BeautifulYears is striving to improve the lives of elderly people in India
There’s a new startup on the block, and it intends to bring about a change of sorts. No, it has nothing to do with food delivery, or online shopping. Instead, it’s trying to improve the situation of senior care in India. The digital platform called BeautifulYears offers three broader categories of services. First, as its founder Vladimir Ruppo describes, “they are trying to create online communities of people taking care of ageing parents with conditions such as Alzheimer’s, Parkinson’s, diabetes, stroke, and more”. The website puts them in touch with a panel of medical experts, and even people who’ve found themselves in caretaking situations before.
But Ruppo’s first entrepreneurial venture, based out of Bengaluru, is more than just a social platform. They also offer 400-plus services (physiotherapists, nurses, home diagnostics providers, and medical equipment suppliers) across the country. These services have been verified, as well as reviewed by other customers. They have also listed out 76 living facilities (or, simply put, retirement communities in Bengaluru and outside).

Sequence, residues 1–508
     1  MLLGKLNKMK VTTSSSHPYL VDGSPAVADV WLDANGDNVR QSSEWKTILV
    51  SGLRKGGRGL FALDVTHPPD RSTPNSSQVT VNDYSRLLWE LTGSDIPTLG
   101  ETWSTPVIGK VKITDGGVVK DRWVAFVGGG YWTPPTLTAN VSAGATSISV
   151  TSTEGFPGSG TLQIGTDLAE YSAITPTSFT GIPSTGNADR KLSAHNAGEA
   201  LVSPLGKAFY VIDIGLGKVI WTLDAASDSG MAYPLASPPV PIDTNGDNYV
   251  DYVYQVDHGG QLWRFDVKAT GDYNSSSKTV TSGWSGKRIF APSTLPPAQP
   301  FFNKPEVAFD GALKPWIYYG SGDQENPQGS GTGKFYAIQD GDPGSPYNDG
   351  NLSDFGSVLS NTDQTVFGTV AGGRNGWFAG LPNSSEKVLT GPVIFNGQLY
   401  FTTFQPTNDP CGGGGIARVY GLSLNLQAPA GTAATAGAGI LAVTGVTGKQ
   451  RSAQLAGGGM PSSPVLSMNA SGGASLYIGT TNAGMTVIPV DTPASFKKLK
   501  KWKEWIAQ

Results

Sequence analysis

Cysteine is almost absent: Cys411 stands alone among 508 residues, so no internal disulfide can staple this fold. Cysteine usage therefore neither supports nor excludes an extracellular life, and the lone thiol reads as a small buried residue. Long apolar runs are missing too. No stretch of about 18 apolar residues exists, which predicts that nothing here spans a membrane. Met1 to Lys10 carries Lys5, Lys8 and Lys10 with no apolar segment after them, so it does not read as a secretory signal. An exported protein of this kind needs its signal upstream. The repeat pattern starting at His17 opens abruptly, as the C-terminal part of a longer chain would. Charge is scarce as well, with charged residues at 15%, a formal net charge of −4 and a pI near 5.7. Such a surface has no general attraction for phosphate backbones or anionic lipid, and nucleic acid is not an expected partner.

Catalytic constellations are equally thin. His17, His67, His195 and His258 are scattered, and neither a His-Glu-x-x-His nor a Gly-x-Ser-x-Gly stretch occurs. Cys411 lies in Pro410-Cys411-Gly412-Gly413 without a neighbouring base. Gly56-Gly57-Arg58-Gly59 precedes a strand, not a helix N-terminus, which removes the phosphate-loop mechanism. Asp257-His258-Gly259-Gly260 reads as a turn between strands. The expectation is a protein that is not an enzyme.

This platform is both an online and physical shop for life-improving senior care products — nail cutters with a magnifying lens, book holders, easy grippers, talking clocks, exercise balls, tablet cutters and crushers, patient hoists, glow in the dark tapes, diabetic socks and glucometers etc. A lot of options are available under the category of wheelchairs, including an all-terrain powered wheelchair (Rs. 1,84,080).
They have a catalogue of more than 400 local and imported products, which have been assembled after a lot of thought. Their office and store in Koramangala testifies this.
They gave us a demonstration of the ‘stairlift’ (Rs. 2 lakh). It is a mechanical chair for lifting people up and down the stairs. Then there is a walking stick, fixed with torchlight at the handle and a pivot joint at the bottom, which prevents it from sliding. They have been getting enquiries about hearing aids, bathroom and personal hygiene care products as well.
Ruppo’s team is constantly trying to curate innovative medical equipment from around the world and testing them before adding to their catalogue. For instance, they are testing an augmented reality glass from Israel, which has been developed for Parkinson’s patients and allows them to steady their walking. They are also interested in home automation products such as panic buttons, and trackers.
Ruppo, who is originally from Russia, and has been living in Bengaluru for the last 15 years, tells us how he hit upon the idea. “It was a year ago that we started thinking what we could do to make the lives of elderly people better. There are many innovative healthcare products available, but people aren’t aware about it. So our aim is to educate people about such products, and create communities of elders and their families, and caregiver providers.”
— Barkha Kumari